SHAUN - For many years my and Tim’s ambition was to record at the same studio where Rush recorded A Farewell to Kings. Finally Tim decided enough was enough and booked a week at Rockfied Strudios in Monmouth, Wales. Having Matt Butler engineering the album was pure luck in that he was the guy provided by Rockfield. We were just incredibly lucky to get him as he understood immediately what sound we were after and helped us to get it.

RAY - How much money did you have to lay out to get the unbelievable packaging job done on “Suburban Crisis?” Most big-label acts would probably give their left nut to put out a product that looks as fantastic as this damn thing! How did you manage this? I guess it’s a case of, “If you want to do something, find a way to do it right,” eh?

SHAUN - Not sure exactly how much but it didn’t cost as much as you might think as the people involved worked at a much reduced rate to help us out because they believed in what we were doing. Matt and Hugh (Syme) both did a great job to give us a great sounding and looking album.

RAY - What is up with this black CD, what’s the difference, if any, technology-wise? I’m not a tech-geek at all…Not saying you are, or anything. Ha ha.

DOM - I don’t think there’s any technical difference between an ordinary CD and the black one we’ve gone for. We like the black vinyl effect as it fits in well with the concept of an album rather than a CD, which is what we were after. We made it album length so that we could release it on vinyl at a later date, if there’s demand.

RAY - You guys have been called CYNIC for a long time. Have you heard the Florida death-fusion band CYNIC? Oddly, they issued their first album in 1993 and have just now put out a new one. I guess Jboth band proved the “cynics” wrong this year, eh?

SHAUN - We’re aware of the other Cynic. There has been banter from some of their fans on the internet that we should change or name but there are no hard feelings between the two bands. Their music is totally different to ours style wise – I don’t think anyone would mix the two bands up.

RAY - RED LIGHT CHALLENGE: Do people really eat sausage & tomato sandwiches a lot in England? I heard KK Downing mention them once, so is this maybe just a Judas Priest delicacy?

DOM - People do eat those over here but not exclusively. I’m more of a bacon sandwich man myself. We mainly spend our time drinking large amounts of beer!

RAY - What’s up with touring for CYNIC? Do you guys do many shows where you’re from in England (where exactly is that, if we don’t already have that answer?)

DOM - We’re from Malvern, Worcestershire, which is about 30 miles from Birmingham. We’re not doing a lot of gigs at the moment as we’re mainly concentrating on writing new material. We’ll give you a shout when we do our next one. Maybe you can come over and eat sausage sandwiches and drink beer with us.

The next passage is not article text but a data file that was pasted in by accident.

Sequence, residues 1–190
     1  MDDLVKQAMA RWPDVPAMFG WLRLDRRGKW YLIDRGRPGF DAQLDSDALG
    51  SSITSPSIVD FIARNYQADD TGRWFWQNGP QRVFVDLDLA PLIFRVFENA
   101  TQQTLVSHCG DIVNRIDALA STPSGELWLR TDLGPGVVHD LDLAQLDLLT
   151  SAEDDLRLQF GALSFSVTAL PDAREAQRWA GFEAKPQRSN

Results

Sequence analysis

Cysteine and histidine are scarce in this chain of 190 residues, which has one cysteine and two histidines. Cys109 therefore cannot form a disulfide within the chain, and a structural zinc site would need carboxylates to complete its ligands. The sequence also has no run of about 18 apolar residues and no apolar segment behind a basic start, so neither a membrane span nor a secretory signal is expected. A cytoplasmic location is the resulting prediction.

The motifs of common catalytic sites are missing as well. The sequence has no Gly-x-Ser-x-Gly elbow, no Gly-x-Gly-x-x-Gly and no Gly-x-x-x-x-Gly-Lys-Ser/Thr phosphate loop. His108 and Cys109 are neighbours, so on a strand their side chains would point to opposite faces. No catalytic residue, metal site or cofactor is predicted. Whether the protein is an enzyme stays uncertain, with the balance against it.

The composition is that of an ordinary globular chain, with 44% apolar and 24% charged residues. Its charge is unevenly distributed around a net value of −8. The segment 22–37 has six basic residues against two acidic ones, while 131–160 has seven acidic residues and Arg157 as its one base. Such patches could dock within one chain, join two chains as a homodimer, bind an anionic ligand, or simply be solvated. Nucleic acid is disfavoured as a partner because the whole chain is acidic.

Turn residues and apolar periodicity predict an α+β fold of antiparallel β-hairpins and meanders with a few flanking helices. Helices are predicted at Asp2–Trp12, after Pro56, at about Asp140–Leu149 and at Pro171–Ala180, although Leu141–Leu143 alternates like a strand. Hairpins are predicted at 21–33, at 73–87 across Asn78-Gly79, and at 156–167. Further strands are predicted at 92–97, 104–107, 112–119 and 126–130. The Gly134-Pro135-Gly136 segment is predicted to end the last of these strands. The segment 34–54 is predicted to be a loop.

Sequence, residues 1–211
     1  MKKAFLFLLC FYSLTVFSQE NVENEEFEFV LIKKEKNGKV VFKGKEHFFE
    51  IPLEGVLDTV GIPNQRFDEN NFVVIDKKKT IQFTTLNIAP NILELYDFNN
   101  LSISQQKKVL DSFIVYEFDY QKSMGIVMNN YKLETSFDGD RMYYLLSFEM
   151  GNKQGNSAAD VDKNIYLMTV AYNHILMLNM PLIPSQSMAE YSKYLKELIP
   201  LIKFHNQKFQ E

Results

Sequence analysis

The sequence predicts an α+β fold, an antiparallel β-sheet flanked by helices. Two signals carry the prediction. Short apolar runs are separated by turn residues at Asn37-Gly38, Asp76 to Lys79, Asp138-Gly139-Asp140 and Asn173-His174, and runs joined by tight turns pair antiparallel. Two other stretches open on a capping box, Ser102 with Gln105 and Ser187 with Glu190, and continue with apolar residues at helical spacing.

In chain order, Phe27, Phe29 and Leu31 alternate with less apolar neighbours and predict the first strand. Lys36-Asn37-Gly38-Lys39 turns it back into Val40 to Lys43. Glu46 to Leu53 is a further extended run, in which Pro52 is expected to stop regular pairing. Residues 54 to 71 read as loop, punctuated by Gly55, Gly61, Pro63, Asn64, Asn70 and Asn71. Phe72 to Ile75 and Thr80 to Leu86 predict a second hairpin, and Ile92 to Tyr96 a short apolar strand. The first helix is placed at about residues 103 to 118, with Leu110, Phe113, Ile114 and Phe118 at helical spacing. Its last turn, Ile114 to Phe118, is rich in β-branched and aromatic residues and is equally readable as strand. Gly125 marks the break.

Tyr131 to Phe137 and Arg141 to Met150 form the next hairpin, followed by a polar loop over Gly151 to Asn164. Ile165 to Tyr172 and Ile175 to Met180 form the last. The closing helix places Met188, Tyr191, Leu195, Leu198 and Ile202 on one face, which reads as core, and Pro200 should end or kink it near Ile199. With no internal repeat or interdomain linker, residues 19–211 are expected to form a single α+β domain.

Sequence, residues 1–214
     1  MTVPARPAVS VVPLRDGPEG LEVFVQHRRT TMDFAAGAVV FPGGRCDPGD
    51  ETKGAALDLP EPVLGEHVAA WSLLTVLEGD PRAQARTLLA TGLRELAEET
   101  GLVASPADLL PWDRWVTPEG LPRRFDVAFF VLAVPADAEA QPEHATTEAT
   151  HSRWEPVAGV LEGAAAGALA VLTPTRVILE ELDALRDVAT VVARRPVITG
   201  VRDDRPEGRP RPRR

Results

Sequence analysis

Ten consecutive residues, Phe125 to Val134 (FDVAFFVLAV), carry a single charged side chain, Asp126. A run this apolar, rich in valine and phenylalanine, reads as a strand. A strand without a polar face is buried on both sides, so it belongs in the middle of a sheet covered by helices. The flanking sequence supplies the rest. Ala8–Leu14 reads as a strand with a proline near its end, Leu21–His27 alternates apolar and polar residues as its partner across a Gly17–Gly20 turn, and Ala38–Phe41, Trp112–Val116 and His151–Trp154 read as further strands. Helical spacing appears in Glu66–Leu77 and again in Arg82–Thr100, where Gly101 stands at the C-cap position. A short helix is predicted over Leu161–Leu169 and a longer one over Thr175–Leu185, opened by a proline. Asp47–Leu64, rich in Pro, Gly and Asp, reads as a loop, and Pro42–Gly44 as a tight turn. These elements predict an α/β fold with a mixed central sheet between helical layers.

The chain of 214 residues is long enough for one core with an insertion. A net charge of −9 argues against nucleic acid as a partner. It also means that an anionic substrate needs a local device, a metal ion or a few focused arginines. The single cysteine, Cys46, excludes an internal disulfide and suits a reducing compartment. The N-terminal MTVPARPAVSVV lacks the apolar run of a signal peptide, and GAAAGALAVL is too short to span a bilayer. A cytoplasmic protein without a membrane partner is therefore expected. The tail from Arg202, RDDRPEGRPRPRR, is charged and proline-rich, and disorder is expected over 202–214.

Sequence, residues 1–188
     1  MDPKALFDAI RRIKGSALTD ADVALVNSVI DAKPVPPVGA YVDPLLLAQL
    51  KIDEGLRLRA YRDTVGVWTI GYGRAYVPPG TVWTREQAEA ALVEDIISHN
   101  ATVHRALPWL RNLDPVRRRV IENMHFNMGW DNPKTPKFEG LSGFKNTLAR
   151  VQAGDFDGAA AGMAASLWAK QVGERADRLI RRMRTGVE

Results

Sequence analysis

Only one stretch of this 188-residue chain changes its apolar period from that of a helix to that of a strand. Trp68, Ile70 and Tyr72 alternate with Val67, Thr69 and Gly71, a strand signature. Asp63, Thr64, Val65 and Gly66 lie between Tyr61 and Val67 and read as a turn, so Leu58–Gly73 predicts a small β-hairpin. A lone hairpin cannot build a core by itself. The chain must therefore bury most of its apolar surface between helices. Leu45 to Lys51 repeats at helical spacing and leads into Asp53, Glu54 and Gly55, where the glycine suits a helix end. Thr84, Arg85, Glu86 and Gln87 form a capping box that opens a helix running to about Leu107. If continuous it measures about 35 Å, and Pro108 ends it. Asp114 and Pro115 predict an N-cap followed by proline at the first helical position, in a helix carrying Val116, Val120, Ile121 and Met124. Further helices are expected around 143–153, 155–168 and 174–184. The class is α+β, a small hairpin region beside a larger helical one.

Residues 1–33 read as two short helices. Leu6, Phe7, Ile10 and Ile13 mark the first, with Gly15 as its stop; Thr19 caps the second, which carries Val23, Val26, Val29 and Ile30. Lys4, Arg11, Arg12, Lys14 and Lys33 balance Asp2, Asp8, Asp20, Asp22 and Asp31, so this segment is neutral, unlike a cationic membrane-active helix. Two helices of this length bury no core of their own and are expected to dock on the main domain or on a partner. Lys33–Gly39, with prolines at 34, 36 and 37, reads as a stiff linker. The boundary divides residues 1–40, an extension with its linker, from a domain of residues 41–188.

RAY - How are things going for the promotion of “Suburban Crisis?” Any chance of getting bigger distribution, say a label like Italy’s Cruz Del Sur? Any advance work happening for a follow-up to “Suburban…?”

SHAUN - We’re writing new songs for a second album currently, which is keeping us pretty busy. Sales of Sub Crisis are picking up as people get to hear about it (with a lot of help from guys like you Ray!) We haven’t approached any distributors really, we’re pretty much letting word of mouth do the selling for us. We’ll check out Cruz Del Sur.

RAY - You guys have been around a long time, so I’m guessing there have been more than a few incidents, oddities or strange goings-on in the history of the band. Tell us a story from the band’s history that would crack us up, shock us into having to get therapy or simply make us smile in bemusement.

DOM - We’ve forgotten most of what happened in the eighties! One odd thing was how Sub Crisis was plagued by what seemed like a climatic conspiracy as if it was never supposed to be completed. We did the main recording at Rockfield but some mixing and vocal stuff was done later at Yellow Shark Studio in Cheltenham. On one occasion Tim, Shaun and Gary were over there when we had the worst flooding for a generation. Tim’s car was flooded and washed away and they had to abandon ship! Only the hard drive with the album on it was saved! We tried again a few weeks layer and were beaten back by arctic snowdrifts. Oddly, one of the names we rejected for the album early on was biblical flood.

RAY - Any final comments, cynical or otherwise?

SHAUN - We would like to say thanks to everyone who’s bought the album and to the people who’ve given us good reviews. Someday it would be great to get out to the States to do some gigs as I know there are lots of fans of NWoBHM out there.

No matter how many bands/artists I talk to over the years, there’s always a special feeling I get when I look to the, that’s not it...! Sorry about that...there’s a special feeling I get when I talk to NWOBHM guys. It’s a period of music that’s always been very important to me, in my own development as a music fan and it produced some of my most treasured music. Moreover, when a band from that period has continued on in this modern day and is still doing work that’s fresh, forward-thinking and gleans the vibe from that era, well, I’m onboard. You get your asses there too!

1 comment:

Cynic (UK) said...

Nice one Ray - thank you!

Keep on rockin!!

Cynic (UK)